1491 : new revelations of the Americas before Columbus / Charles C. Mann.
By: Mann, Charles CPublisher: New York : Vintage Books, c2006Description: 1 online resourceContent type: text Media type: computer Carrier type: online resourceISBN: 9780307278180; 0307278182Other title: Fourteen ninety-oneSubject(s): Indians -- Origin | Indians -- History | Indians -- Antiquities | America -- Antiquities | HISTORY / Americas (North, Central, South, West Indies) | HISTORY / North AmericaGenre/Form: Electronic books.DDC classification: 970.01/1 LOC classification: E61 | .M266 2006Online resources: EBSCOhost
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|Ebook||NMC Library||EBSCO Ebooks||Online||E61 .M266 2006 EBOOK (Browse shelf)||1||Available online - NMC Login required||2019-235287|
Includes bibliographical references and index.
Introduction: Holmberg's mistake: View from above -- Numbers from nowhere?: Why Billington survived -- In the land of four quarters -- Frequently asked questions -- Very old bones: Pleistocene wars -- Cotton (or anchovies) and maize (tales of two civilizations, part I) -- Writing, wheels, and bucket brigades (tales of two civilizations, part II) -- Landscape with figures: Made in America -- Amazonia -- Artificial wilderness -- Great law of peace.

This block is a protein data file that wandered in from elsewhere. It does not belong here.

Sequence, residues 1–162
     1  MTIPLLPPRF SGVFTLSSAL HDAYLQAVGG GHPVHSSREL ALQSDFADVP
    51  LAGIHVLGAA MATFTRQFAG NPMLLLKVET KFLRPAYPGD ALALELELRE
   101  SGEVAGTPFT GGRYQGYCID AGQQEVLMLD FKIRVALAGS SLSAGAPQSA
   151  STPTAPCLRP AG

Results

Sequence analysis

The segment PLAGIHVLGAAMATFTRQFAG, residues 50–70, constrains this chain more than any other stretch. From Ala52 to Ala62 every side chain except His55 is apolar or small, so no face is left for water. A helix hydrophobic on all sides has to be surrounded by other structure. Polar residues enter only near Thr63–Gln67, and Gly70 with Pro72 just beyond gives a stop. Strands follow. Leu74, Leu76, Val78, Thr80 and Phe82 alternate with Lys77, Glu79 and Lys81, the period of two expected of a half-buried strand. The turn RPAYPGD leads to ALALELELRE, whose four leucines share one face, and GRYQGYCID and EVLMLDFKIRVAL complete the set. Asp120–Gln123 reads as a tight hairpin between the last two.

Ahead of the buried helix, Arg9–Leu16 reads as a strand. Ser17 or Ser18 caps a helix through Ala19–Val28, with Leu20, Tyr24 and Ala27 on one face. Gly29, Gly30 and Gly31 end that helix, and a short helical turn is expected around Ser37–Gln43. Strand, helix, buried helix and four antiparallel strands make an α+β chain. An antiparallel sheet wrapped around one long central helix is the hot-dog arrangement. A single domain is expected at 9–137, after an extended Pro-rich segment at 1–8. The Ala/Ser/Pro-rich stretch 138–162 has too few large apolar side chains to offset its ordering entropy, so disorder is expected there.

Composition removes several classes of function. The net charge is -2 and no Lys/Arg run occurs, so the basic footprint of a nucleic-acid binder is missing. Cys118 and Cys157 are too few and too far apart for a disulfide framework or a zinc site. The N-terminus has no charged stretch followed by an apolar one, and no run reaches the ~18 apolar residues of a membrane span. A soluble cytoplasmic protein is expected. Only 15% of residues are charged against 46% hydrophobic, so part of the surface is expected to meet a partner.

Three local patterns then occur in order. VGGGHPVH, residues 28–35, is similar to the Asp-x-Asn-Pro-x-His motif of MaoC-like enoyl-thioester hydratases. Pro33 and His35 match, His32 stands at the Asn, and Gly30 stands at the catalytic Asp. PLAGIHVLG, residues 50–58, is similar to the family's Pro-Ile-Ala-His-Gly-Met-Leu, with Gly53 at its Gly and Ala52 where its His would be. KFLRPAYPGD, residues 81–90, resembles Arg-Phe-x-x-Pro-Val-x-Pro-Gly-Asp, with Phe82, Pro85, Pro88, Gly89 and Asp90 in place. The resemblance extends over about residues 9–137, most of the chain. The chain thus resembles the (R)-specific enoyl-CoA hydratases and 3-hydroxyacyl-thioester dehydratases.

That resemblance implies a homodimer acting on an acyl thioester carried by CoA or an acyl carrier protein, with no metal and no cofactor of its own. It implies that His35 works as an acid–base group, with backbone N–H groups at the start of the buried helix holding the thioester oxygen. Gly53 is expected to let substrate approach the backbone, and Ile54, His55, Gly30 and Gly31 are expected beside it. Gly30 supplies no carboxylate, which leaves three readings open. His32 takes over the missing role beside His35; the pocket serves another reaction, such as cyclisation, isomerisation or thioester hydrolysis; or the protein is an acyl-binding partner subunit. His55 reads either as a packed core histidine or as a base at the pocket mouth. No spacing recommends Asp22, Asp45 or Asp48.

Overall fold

Mann shows how a new generation of researchers equipped with novel scientific techniques have come to previously unheard-of conclusions about the Americas before the arrival of the Europeans: In 1491 there were probably more people living in the Americas than in Europe. Certain cities--such as Tenochtitlán, the Aztec capital--were greater in population than any European city. Tenochtitlán, unlike any capital in Europe at that time, had running water, beautiful botanical gardens, and immaculately clean streets. The earliest cities in the Western Hemisphere were thriving before the Egyptians built the great pyramids. Native Americans transformed their land so completely that Europeans arrived in a hemisphere already massively "landscaped" by human beings. Pre-Columbian Indians in Mexico developed corn by a breeding process that the journal Science recently described as "man's first, and perhaps the greatest, feat of genetic engineering."--From publisher description.